Heather Walker’s son, Grayson James, died just eight hours after his birth. She posted the pictures to help with the grieving process. But then, “I couldn’t post anything on my page, I couldn’t like anything, I couldn’t share anything,” she said.

Then came this: “Dear Mrs. Walker, We do apologize for the removal of this content and the subsequent warning,” Walker read.

It’s not everyday a billion dollar company makes amends for its transgressions. But that’s exactly what Facebook did after deleting controversial pictures of a dying newborn baby and censoring his mother’s account.


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Facebook Bans Mother for Posting Photos of Baby with Birth Defects

Tuesday, May 22nd, 2012

A Tennessee mother has reportedly been banned from Facebook after she posted photos of her baby, who was born with rare neural tube birth defect in which a baby is born without parts of the brain and skull.  WMC-TV, a Tennessee news station, reports on Grayson James Walker, who was born in February of this year and died just 8 hours after being born:

Heather Walker recently posted pictures of Grayson without his hat on.

“Not long after, Facebook deleted them because of the content” she said.  “They allow people to post almost nude pictures of themselves, profanity, and so many other things but I’m not allowed to share a picture of God’s beautiful creation.”

Walker and her Facebook friends decided to re-post baby Grayon’s photos in protest, and the mother is now on a 24-hour ban from the social networking website.

Click here for an update to this story: Facebook Apologizes to Mother for Photo Removal

Image: Facebook, via 1000 Words /

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Lawsuit Raises Debate Over Kids’ Facebook Password Sharing

Wednesday, March 14th, 2012

A lawsuit brought by the American Civil Liberties Union (ACLU) in Minnesota has sparked a debate over whether schools can demand to know a child’s Facebook password to investigate allegations of bullying or inappropriate language. reports on the case, which involves a 12-year-old middle school girl who has not been named in the lawsuit:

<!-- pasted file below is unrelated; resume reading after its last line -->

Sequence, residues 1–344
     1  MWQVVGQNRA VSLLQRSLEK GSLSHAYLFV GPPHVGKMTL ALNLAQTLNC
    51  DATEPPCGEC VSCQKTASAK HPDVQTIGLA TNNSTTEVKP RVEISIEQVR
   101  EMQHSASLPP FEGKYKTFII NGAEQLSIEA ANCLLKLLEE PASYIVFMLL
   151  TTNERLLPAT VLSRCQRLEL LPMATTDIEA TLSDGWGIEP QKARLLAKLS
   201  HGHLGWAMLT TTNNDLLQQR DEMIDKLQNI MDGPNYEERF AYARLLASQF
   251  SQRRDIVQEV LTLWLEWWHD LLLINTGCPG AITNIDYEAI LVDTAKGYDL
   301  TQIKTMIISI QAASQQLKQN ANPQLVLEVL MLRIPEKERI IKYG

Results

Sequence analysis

According to the ACLU’s version of events, the girl had moved and entered a new school as a 6th-grade student in the fall of 2010. In early 2011, she felt targeted by a school monitor and posted an update to her friends-only Facebook wall saying she “hated” the monitor because “she was mean to me,” using her own computer and while off campus.

Soon after, she was called into the principal’s office — he had obtained a screen shot of the post — and given detention.

The student subsequently posted another update to her page related to the incident: “I want to know who the f%$# told on me,” the complaint says. Again, she was called to the principal’s office, and this time was suspended for “insubordination” and banned from a class ski trip.

In March, the student had a second run-in with school authorities.  The parent of another student had complained that the girl was talking about sex with that student.  The 12-year-old was called out of class by a school counselor and eventually brought into a room with several school officials and the sheriff’s deputy, where the password demands began.

The ACLU claims that the school never asked the girl’s parents for permission to examine her private Facebook space. The school district doesn’t dispute that it obtained the girl’s password, but does say it had parental permission.

Image: Keyboard, via Shutterstock.